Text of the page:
When people debate about their favorite iterations of Star Trek, almost no one will say their favorite series is Star Trek: The Animated Series. Which, is actually, too bad. Because, while it’s impossible to make the argument that TAS is the best version of Trek, it does contain, perhaps, one of the best Spock-centric episodes ever: “Yesteryear.” (The episode is included on Den of Geek’s list of 50 Best Star Trek Episodes.)
This story is not only so good and so heartfelt, it clearly inspired several episodes from Star Trek: Discovery’s second season. If you’ve never seen it, here’s why you could watch it right now…
Written by D.C. Fontana (that’s the woman who created Amanda Grayson) “Yesteryear” is a classic sci-fi predestination paradox story. How can Spock save himself from dying as small boy in the wilds of the planet Vulcan? Short answer: thanks to time travel he already has! But, like the classic episode “City on the Edge of Forever,” this story briefly presents an alternate universe in which both Spock and Amanda aren’t alive in “the present day.” Because Spock is off time traveling to a different era with Kirk, he misses his appointment to save himself in his own past.
If some of these paradoxes sound a little Doctor Who timey-wimey, that’s because they totally are. But, the time travel stuff isn’t necessarily what makes the episode so great. In 1973, when this episode first aired, it was the only Star Trek episode that gave glimpses into Spock’s childhood. And, unlike Discovery, this wasn’t a flashback, Spock was actually, physically back in time, seeing his younger self and his family.
In fact, one scene in “Yesteryear,” in which Vulcan bullies mercilessly mock little Spock about his human mother, was recreated — nearly identically — in the 2009 Star Trek reboot, directed by J.J. Abrams and co-written by Alex Kurtzman, the current showrunner of Star Trek: Discovery. And the architecture and design of Spock’s childhood home is very similar to how it’s presented in the newer episodes of Discovery like “Brother,” “Light and Shadows,” and, most recently, “If Memory Serves.”
But “If Memory Serves” borrows more than just the aesthetics of “Yesteryear,” it features Michael Burnham, running away from home, and nearly getting killed by the horrifying wildlife on the planet Vulcan. And guess what? The exact same thing happens to Spock in “Yesteryear.”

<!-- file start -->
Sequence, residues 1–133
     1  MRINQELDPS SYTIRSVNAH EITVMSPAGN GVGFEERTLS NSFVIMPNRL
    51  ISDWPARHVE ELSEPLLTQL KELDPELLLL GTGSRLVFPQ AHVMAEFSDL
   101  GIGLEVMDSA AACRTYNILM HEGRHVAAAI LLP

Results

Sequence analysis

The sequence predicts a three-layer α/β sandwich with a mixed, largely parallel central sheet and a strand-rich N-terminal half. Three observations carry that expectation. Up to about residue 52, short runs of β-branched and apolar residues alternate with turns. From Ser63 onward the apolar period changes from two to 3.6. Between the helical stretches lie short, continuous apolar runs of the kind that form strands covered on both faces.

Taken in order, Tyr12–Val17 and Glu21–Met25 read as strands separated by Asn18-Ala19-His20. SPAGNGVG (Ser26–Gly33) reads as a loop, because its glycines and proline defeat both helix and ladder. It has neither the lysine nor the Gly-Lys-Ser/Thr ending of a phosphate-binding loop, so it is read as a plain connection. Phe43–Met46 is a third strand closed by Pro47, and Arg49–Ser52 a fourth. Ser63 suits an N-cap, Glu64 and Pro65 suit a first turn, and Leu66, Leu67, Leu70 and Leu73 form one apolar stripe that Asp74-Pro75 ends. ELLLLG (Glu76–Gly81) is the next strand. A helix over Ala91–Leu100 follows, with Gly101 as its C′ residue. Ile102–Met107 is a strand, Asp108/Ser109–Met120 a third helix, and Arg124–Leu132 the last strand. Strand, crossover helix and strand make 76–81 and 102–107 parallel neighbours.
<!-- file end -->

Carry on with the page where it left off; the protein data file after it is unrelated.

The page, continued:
In Discovery, Spock mentions the “many dangers” in Vulcan’s Forge and, in “Yesteryear,” young Spock is nearly killed by a tiger-looking creature called a Le-matya. But, of course, thanks to adult time-traveling Spock and Spock’s pet sehlat, I-Chaya, young Spock is saved. In Discovery, Burnham is saved from different terrifying monster—but, again, time travel is involved because Spock got a message from the Red Angel.
Now, I’m not saying any of this proves Spock is the Red Angel in Discovery, even though he was his own guardian angel in “Yesteryear.” Instead, “Yesteryear,” is a fascinating piece of art which lovingly created the groundwork for what contemporary Trek is exploring now. We don’t get this touching Michael Burnham stuff with Spock, without “Yesteryear.”
Obviously, the events of “The Cage,” and “The Menagerie” get a lot of attention in “If Memory Serves” and during this season of Discovery in general. But, I would argue the most important and formative Trek story, and the one that actually represents the retro-heart of Discovery is, in fact, this 30-minute animated episode. “Yesteryear,” is legit Star Trek canon, too, and it’s very clear that the writers of Discovery know that.
The only question now is this: Will Discovery ever let us see Spock’s “giant teddy bear with fangs?” Because “Yesteryear” was an episode of The Animated Series, it does have a message that is not-so subtly aimed at children. In it, Spock has to deal with the death of I-Chaya, his beloved pet. In the closing lines of the episode, Kirk says that the death of a pet “wouldn’t mean much in the course of time.” Spock replies tenderly with “It might, to some.”
This might not be as hardcore as Burnham and Spock’s childhood blow-up in Discovery, but I’d say you don’t really know Spock until you’ve seen him crying over the death of a furry, bear-looking thing with droopy sad eyes and giant fangs.